The number of licensed recreational marijuana establishments in the state has nearly doubled over the past three years, leaping from 833 in December 2014 to 1,520 in December 2017. A just-released report by the Marijuana Enforcement Division also found that this boom in the lucrative recreational sector has been accompanied by a slowing in the medical marijuana industry.
Though total medical licenses increased modestly over the same period (1,416 to 1,531), 2017’s figures on new business licenses suggest that the overall cannabis industry is increasingly shifting focus to the recreational side of things.
Of the 376 new business licenses issued in 2017, 77 percent were within the recreational sector — or “adult use” segment, as the Marijuana Enforcement Division recently labeled it, perhaps in an attempt to emphasize that marijuana is not for minors. The numbers continue a trend: In 2016, retail business licenses increased by 22 percent, while medical licenses grew by only 7 percent.
The division also reported a rise in “the percentage of non-qualified sales checks,” to insure that businesses comply with age limits and turning back minors. In 2016, businesses passed this check at a rate of 94 percent. In 2017, that rose to 95.1 percent. In its release of the 2017 numbers, MED director Jim Burack noted that though “we’re pleased that the percentage of licensees passing underage compliance checks increased from 2016, that number still isn’t good enough.”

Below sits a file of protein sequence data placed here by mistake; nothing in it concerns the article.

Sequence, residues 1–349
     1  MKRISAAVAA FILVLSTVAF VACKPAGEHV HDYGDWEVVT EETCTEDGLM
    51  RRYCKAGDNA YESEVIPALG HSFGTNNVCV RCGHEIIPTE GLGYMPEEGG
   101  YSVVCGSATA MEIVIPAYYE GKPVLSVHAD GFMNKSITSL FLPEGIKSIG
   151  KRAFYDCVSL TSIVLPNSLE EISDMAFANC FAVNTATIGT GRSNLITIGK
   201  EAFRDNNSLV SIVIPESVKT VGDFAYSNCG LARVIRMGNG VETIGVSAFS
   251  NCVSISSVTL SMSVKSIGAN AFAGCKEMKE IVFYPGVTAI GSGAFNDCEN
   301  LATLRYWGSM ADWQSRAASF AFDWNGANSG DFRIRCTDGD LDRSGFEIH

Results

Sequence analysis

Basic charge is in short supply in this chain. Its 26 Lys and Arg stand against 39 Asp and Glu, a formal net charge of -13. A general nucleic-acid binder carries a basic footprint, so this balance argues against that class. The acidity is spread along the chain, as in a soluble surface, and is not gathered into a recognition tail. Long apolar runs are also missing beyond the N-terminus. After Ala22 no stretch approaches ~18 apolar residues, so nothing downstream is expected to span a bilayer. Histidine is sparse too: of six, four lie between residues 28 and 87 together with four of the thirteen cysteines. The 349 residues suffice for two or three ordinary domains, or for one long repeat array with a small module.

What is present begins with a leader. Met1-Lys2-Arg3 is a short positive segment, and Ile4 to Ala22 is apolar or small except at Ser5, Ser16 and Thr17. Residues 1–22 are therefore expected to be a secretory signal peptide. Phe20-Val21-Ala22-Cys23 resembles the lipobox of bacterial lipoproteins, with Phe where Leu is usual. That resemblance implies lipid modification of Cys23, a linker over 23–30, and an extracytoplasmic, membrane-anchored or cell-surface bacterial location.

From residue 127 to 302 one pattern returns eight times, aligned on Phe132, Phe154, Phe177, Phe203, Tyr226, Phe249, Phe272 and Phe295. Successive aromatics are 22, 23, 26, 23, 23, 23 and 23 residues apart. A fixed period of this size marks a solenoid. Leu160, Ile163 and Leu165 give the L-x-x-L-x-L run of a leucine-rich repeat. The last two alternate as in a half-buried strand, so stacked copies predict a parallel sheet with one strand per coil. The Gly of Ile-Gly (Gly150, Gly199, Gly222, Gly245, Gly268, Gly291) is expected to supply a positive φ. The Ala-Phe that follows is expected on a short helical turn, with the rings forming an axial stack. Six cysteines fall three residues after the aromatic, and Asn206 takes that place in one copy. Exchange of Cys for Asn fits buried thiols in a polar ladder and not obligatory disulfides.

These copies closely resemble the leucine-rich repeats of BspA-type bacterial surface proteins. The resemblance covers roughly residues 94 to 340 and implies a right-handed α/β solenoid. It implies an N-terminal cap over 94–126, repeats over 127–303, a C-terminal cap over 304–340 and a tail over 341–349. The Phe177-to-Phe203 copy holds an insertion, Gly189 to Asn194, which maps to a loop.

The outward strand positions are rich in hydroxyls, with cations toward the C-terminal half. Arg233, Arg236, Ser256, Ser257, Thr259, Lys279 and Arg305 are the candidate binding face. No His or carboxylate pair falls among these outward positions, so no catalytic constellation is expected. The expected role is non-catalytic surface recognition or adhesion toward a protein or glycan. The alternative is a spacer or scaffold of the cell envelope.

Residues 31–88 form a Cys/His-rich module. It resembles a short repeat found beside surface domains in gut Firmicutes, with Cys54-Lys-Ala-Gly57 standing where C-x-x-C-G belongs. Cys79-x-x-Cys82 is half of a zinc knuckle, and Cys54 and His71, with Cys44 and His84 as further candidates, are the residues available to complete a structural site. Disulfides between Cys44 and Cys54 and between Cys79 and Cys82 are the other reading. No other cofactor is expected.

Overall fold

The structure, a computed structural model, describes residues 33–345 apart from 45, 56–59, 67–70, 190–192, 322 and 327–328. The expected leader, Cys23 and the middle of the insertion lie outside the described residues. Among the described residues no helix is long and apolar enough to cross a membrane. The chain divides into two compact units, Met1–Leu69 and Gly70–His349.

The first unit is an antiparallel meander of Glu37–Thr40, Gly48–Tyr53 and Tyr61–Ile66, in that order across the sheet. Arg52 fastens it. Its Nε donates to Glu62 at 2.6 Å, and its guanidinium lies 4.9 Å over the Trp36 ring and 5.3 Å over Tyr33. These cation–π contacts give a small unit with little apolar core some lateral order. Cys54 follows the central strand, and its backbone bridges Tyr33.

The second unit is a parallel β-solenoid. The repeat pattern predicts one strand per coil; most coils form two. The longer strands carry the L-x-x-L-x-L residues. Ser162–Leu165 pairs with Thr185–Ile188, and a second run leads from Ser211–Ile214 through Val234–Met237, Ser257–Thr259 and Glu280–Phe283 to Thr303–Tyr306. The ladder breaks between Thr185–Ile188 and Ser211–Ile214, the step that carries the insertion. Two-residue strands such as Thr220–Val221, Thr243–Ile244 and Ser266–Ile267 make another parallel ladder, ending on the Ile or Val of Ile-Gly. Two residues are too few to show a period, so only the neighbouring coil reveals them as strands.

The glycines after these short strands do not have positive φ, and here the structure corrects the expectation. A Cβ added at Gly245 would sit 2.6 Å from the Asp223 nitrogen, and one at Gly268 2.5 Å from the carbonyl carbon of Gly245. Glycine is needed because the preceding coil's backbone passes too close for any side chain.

While MMJ licenses are still growing, certain segments are dropping. Medical sales of edibles sank by 14 percent in 2017, while their rate of recreational purchase rose by 29 percent. Recreational sales of concentrates powerfully outpaced their medical counterparts, with 477 percent more units sold.
Denver is the indisputable epicenter of the state’s cannabis industry. In pounds of usable marijuana per county, for instance, Denver accounts for 590,790 of the state total of 999,022. The same can be seen in harvested plant figures, with 1,552,598 of the state’s 2,500,592 plants falling within the boundaries of Denver County.
Pueblo County comes in second — though not a close second — with 125,970 pounds of usable marijuana in 2017. According to the report, Pueblo County (described as “known to have many outdoor cultivations”) experienced a 154 percent growth in cultivated plants between January and August 2017.
And all of this growth is happening while the majority of local jurisdictions, including huge swaths of the state, still ban marijuana sales.